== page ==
I work in a small to mid size rural district with what I consider to be a fair amount of tech resources available. I'm curious as to how other districts support technology as far as Network administrators, technicians, etc. When something breaks what is the process to get it fixed? How many people make up your tech support team? Do you HAVE a tech support team? What size district do you work?

Tags: support, technology

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LOL.....I once worked for a District that the office employees wanted me to fix a paper-shredder......apparently, they mistook it for a book-shredder. Needless to say, armed with a trusty butter knife, it met its match with me!
that trusty butter knife might have helped with the toaster! or at least with the toast the new one for $12.00 made!.*LOL*
Nitin, just out of curiosity, how many employees does your company have?
"What John has described will likely result in the internal IT staff getting overwhelmed with day-to-day work and not having the time to think strategically about leveraging their IT assets."
-After 10 years, it hasn't yet.........and I don't think the amount of technology assets and useage will likely increase anywhere near as quickly over the next 10 years as it has over the last 10.

"I honestly believe, however, that by bringing in outside technology partners, school districts can provide better IT services at lower cost than they can by going it alone."
-I think this is what the "solution providers" just don't understand about the smaller districts. There is no way a district with limited financial resources is going to continue to pay a full-time salary for a Technology Director that needs to outsource "his" work, which is an additional expenditure to the district. Because, when all is said an done, "partnering" with a vendor or provider, does not eliminate the need to have someone there all day, full-time. And if it did, what Tech Coordinator would in his right mind put himself out of a job?
I am an IT support administrator for a large school district 70 campuses and growing. Fair amount of staff is a hard number to come up with. It really depends on a few factors not just your available budget for salaries. Take a look at your network infrastructure and your current situation regarding end-user support.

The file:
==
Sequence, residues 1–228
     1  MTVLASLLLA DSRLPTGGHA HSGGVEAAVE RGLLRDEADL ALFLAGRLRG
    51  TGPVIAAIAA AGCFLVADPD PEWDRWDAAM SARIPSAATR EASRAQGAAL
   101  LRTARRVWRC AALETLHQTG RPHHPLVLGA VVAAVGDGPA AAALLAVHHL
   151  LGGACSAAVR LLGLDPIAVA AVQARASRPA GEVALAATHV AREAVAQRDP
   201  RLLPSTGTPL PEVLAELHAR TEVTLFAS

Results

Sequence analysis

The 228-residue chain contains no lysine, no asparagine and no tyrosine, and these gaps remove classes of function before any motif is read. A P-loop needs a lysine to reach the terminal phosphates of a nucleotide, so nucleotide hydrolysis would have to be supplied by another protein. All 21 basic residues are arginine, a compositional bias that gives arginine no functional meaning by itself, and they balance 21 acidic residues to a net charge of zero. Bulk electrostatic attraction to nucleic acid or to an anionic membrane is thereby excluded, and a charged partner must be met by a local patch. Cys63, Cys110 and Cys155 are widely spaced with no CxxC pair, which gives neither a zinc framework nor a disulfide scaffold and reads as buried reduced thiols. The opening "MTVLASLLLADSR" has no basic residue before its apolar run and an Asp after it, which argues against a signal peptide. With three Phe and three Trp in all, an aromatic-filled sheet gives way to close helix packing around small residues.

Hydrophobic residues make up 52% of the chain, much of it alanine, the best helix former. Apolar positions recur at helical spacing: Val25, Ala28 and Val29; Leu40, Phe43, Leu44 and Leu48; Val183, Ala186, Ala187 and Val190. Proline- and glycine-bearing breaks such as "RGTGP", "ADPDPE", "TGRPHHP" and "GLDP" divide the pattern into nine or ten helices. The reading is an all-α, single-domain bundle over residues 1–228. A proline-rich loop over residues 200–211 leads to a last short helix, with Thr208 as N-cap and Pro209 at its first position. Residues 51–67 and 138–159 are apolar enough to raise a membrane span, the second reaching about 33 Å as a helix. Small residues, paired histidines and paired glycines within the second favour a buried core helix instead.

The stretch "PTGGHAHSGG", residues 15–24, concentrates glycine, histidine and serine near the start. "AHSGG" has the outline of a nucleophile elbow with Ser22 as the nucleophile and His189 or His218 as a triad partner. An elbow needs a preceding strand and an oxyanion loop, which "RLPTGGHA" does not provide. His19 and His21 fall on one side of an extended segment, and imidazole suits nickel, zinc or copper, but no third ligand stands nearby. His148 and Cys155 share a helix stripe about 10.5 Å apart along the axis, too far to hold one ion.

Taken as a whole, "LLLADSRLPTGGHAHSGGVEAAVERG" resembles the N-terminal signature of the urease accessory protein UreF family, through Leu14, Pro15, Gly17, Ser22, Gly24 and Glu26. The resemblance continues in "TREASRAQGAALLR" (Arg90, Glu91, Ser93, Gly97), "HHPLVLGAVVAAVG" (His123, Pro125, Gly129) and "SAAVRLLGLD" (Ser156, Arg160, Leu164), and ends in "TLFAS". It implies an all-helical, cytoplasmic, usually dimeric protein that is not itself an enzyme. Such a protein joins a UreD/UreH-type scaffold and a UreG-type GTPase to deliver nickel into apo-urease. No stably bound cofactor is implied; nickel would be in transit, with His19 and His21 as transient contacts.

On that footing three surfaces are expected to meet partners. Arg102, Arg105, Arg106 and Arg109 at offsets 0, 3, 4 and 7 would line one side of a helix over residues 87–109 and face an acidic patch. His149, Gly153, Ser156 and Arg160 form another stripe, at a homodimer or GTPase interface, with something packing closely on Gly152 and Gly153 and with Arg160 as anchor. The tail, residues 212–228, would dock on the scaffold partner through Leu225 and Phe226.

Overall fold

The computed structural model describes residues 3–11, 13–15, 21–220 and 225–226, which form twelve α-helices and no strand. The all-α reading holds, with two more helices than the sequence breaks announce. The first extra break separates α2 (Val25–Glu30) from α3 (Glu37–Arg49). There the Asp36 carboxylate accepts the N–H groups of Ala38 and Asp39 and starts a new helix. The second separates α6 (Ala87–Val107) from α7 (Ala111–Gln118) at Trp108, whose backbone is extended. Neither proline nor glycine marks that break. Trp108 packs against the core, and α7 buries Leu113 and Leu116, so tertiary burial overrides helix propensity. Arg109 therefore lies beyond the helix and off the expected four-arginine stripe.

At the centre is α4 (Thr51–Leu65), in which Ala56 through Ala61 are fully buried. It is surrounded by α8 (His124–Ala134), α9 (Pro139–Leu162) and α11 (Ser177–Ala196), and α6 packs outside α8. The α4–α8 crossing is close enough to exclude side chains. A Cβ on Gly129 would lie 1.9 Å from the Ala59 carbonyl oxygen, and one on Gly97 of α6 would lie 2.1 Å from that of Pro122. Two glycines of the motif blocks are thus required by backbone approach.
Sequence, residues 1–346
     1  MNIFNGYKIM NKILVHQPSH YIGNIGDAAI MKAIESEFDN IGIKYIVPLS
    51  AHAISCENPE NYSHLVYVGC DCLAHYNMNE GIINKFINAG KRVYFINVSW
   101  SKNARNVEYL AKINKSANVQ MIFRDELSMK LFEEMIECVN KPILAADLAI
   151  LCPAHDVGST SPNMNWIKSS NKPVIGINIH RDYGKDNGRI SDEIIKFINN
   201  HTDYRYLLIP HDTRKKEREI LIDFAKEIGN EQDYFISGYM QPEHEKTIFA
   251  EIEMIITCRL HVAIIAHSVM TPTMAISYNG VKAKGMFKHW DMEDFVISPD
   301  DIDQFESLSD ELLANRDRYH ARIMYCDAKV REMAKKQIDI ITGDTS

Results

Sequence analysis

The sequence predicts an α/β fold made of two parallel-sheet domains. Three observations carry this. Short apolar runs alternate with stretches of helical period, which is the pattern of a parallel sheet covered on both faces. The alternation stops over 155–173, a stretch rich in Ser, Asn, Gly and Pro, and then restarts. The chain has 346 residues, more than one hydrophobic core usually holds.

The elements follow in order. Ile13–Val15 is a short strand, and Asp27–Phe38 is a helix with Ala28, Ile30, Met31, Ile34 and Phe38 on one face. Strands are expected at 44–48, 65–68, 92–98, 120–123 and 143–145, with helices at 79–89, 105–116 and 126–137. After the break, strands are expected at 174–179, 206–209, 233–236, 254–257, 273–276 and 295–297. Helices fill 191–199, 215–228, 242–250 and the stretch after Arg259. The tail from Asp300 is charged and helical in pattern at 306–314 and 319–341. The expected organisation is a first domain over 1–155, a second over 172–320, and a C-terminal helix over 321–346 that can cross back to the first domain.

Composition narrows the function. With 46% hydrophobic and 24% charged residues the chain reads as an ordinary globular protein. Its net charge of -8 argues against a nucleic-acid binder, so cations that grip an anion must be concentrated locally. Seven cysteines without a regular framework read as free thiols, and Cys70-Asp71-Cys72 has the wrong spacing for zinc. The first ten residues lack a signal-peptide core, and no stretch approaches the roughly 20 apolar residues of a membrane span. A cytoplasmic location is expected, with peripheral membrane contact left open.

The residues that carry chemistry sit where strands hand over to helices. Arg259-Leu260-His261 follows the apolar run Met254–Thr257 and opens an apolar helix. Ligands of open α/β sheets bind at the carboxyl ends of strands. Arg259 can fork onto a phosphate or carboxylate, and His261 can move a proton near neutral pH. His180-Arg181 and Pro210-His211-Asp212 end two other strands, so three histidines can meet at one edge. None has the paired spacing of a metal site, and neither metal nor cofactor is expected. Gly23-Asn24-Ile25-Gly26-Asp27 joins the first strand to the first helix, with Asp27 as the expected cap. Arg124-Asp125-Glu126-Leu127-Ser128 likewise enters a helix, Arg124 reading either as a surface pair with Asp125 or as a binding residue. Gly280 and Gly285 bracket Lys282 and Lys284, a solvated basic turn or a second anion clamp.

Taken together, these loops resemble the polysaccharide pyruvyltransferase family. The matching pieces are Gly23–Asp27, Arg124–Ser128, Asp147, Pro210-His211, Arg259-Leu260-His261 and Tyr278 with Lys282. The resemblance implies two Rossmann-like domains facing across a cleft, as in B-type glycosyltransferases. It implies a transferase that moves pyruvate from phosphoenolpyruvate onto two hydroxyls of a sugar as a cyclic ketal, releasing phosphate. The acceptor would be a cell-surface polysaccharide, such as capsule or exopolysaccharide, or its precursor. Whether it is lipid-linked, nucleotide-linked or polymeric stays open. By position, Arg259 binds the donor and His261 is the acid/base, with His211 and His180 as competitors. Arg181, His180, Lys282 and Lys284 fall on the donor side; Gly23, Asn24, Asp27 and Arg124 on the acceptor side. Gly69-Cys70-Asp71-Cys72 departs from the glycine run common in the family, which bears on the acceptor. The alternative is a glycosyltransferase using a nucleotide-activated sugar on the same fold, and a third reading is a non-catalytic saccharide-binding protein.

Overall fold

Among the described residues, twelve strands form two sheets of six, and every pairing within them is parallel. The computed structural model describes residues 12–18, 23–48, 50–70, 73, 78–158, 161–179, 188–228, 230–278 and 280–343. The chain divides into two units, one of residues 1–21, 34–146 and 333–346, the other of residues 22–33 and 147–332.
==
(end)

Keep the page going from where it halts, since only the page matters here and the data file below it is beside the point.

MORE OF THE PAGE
From a network support side depending on the server side solutions you already have in place some have maintenance packages available which would not require staffing. Other systems may have an online type of support where support personnel can simply remote into the system and correct software related problems, perform upgrades and recommend hardware upgrade solutions.

I think end-user support is somewhat more critical and not just because there are more end users than that of servers. It is more critical because it is this technology that is in front of students and much more visible to those who pay for it - taxpayers. While top manufacturers like Dell and HP have onsite technical support services, this is becoming more challenging because of univited visitors who schools try to catch at the front door (one reason RAPTOR has become such a wonderful tool) . In house technical staff is more common, but can be expensive because of facilities, salaries and turnover. Technicians can be hired and trained but many who come into the field want to move up fast (I am living proof) and the end result is a quick turnover of staff and the hiring and training process starts all over again.

When I started at the district I am at we had 8 technicians, 4 engineers and 2 network technicians for 60 sites. Now we have 26 technicians, 7 engineers, and 4 network technicians for 70 sites. This increase was due to the fact that every campus had a Campus Network Coordinator. A teacher who also wore the hat of a basic technician. This CNC was responsible for looking at problems and reporting them to the technicians through a work order system. This created a problem because the expectation became to overwhelming for some CNC's and other CNC's performed more of these responsibilities than that of their primary role - teaching. As a result, the CNC program was disolved and funding was allocated so additional IT Support staff could be hired. This required a great deal of planning.

The plan worked for us and continues to improve. We took our large high school campuses and worked with the campus administrator so a technician could be on site every school day. We did the same thing with the middle schools (1 technician for every 2 middle schools), and the remaining campuses and departments were assigned technicians at a 7:1 ratio. This helped us balance the work load and address problems very quickly.

I realized that it was not so much the completion of work that was important, that did not change much - it was the first response to the problem that was more vital. This is why communication with those who report problems is very important. The sooner they report it the sooner your IT department can fix it and the IT folks can't fix problems they know nothing about. It is also a good idea to find some time to educate your users. As an IT support person, teach these users to report to you symptoms and not fixes - they are not the IT expert - YOU ARE, it would make your job a whole lot easier.

I would be happy to work with you if you would like, mcaise24@msn.com

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